To date, the pathogenic variants in six genes, TYR, OCA2, TYRP1, SLC45A2, SLC24A5 and C10orf11, have been identified in individuals with nsOCA [8]. In a Pakistani family, possible locus for a form of nsOCA on chromosome 4q24 [9] has been previously identified, for which the gene remains undefined. In published population studies, however, the detection rate of alleles causing albinism varies from 60 to 90% [10, 11]. OCA type 1 is associated by mutation in the tyrosinase TYR (MIM# 606933) gene, which encompasses five coding exons and is located on chromosome 11q14.3. Tyrosinase enzyme has a pivotal role in the biosynthesis of melanin in melanocytes as it catalyses the first two reactions of the melanin synthesis pathway: formation of L-3,4-dihydroxyphenylalanine (L-DOPA) by hydroxylation of tyrosine and dopaquinone production by the oxidation of L-DOPA. These two steps are crucial for melanin synthesis [12], and defects in tyrosinase catalytic activity due to TYR mutation may result into complete absence or decreased pigmentation of the skin, eyes and hair, depending on residual enzyme activity [13]. OCA1A (MIM# 203100) is the most severe clinical phenotype characterised by an almost complete absence of the skin, hair and iris pigmentation, and associated with pathogenic or null alleles in TYR. Less severe TYR mutations may manifest as OCA1B (MIM# 606952), which results in a milder, extremely variable phenotype due to decreased but not completely abrogated tyrosinase activity and low-to-moderate levels of melanin pigmentation in affected individuals [4, 14].

Materials and methods

Patients and family members

This study entails the genetic investigation of eight Pakistani families recruited with informed consent with ethical approval (Ethical board of University of Health Sciences, Lahore). All families originate from the Punjab Province, with distinct ethnic backgrounds: (1) Khokhar (Sahiwal), (2) Chadhar Jutt (Chiniot), (3) Arain (Gujranwala), (4) Malik Awan (Lahore), (5) Mughal (Lahore), (6) Gujjar (Lahore), (7) Saraki Somro (Rahim Yar khan) and (8) Turk Pathan (RYK). The families diagnosed with OCA and having two or more affected members were included in this study, while the families with ocular albinism and syndromic OCA were excluded. Following diagnosis of a pro-band in each pedigree, further clinical details for each family were obtained by visiting ophthalmologists from local collaborating hospitals. Clinical images of the affected individuals were taken with consent in order to document phenotypic features and confirm disease status. Videos were also taken for further study. Ophthalmic examinations were completed using the best locally available resources, including: visual acuity testing using LogMAR Visual Acuity Chart (LVRC) Numbers Distance, colour vision testing using Ishihara charts and funduscopic examination by direct ophthalmoscopy. Findings were recorded on the specified data forms.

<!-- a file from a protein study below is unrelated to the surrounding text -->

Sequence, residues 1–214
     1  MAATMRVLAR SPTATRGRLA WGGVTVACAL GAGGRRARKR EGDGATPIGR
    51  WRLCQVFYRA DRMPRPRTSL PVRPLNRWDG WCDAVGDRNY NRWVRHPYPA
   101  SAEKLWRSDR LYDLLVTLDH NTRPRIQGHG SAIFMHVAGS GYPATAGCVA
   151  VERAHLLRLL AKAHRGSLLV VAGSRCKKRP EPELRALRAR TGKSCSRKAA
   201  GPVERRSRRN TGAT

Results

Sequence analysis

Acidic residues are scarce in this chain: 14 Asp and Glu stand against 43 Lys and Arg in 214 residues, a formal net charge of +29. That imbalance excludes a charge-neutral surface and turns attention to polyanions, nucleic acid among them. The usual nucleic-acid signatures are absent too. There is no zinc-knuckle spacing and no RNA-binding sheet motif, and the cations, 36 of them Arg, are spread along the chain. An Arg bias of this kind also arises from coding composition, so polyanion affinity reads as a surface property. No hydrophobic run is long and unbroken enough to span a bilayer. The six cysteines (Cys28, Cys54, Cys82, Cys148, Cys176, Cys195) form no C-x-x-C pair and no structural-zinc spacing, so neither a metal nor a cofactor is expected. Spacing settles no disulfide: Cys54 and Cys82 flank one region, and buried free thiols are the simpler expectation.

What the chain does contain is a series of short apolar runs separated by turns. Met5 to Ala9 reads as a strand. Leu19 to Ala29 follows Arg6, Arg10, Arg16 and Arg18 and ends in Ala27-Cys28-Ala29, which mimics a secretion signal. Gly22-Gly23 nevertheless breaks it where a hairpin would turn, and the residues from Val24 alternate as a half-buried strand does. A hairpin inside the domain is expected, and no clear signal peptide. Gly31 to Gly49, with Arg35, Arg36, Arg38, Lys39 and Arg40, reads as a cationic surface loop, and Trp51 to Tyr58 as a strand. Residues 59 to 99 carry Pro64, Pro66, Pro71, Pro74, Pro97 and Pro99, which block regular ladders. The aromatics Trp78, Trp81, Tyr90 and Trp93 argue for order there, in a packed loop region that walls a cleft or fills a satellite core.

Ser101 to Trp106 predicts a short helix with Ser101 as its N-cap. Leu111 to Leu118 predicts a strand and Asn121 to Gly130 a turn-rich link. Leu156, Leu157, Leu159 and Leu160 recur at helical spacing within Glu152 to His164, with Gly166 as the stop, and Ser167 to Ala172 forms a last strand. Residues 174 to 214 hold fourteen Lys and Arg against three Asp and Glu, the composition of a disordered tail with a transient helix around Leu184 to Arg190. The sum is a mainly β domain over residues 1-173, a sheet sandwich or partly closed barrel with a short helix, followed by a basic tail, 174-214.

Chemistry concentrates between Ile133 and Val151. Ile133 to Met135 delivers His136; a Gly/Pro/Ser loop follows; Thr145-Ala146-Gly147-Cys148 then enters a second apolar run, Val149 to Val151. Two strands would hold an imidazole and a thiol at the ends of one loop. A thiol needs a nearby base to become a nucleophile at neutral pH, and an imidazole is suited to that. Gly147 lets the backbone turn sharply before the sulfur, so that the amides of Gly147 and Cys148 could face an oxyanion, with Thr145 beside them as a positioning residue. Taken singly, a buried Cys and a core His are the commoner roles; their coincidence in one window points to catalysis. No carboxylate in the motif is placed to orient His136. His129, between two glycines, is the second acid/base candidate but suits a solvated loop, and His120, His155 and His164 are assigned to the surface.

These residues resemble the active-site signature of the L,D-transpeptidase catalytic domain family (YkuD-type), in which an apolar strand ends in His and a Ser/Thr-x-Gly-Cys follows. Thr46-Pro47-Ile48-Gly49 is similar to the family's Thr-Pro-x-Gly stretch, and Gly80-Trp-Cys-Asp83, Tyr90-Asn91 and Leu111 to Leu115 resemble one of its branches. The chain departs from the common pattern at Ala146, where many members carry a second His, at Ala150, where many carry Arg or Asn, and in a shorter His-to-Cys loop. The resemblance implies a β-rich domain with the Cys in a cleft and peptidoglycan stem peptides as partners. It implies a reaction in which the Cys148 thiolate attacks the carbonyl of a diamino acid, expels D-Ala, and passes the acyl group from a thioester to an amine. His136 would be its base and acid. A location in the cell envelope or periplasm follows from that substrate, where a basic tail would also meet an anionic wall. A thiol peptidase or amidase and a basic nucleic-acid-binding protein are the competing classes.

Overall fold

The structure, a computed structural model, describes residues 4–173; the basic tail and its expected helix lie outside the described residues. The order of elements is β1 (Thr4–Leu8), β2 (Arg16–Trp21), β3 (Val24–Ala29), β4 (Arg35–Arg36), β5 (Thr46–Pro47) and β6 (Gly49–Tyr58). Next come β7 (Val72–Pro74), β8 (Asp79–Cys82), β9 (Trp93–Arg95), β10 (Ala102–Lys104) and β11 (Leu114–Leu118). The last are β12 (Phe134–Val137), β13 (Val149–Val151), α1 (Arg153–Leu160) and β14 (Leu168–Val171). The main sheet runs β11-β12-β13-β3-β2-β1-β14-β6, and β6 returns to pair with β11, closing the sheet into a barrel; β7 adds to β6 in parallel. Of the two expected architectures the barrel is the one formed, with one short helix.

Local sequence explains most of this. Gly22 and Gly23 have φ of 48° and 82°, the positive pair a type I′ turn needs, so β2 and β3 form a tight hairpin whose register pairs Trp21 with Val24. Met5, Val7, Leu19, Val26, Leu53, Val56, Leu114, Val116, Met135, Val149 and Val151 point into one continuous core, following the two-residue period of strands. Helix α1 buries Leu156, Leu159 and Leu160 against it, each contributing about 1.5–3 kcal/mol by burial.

Molecular genetic analysis

Peripheral venous blood samples were taken in EDTA containing vacutainer tubes from each participating individual for genomic DNA extraction, as previously described [4]. One affected individual from each family was sequenced for all five coding exons and associated intron–exon junctions in the TYR gene. Sequence reads were aligned to the human genome reference sequence [hg19] to observe base-pair changes using BioEdit software, CLC sequence viewer (https://www.qiagenbioinformatics.com/products/clc-sequence-viewer/) and Chromas Lite (http://technelysium.com.au/wp/chromas/) software. DNA samples from the families of those probands who showed putative mutations in one affected individual were sequenced in order to confirm segregation with the disease phenotype. The in silico pathogenicity prediction tools applied were SIFT (<0.05), PolyPhen2 Hum Var (possibly damaging and probably damaging) and GERP + + (>2) [14]. Crystal structure of human tyrosinase protein (PDB ID 5M8Q) [15] was used as a template for the construction of three-dimensional (3D) structure of wild and mutant tyrosinase protein. The models were visualised using UCSF-chimera (https://www.cgl.ucsf.edu/chimera/). RAMPAGE was used for evaluation and validation of the modelled 3-D structures [16].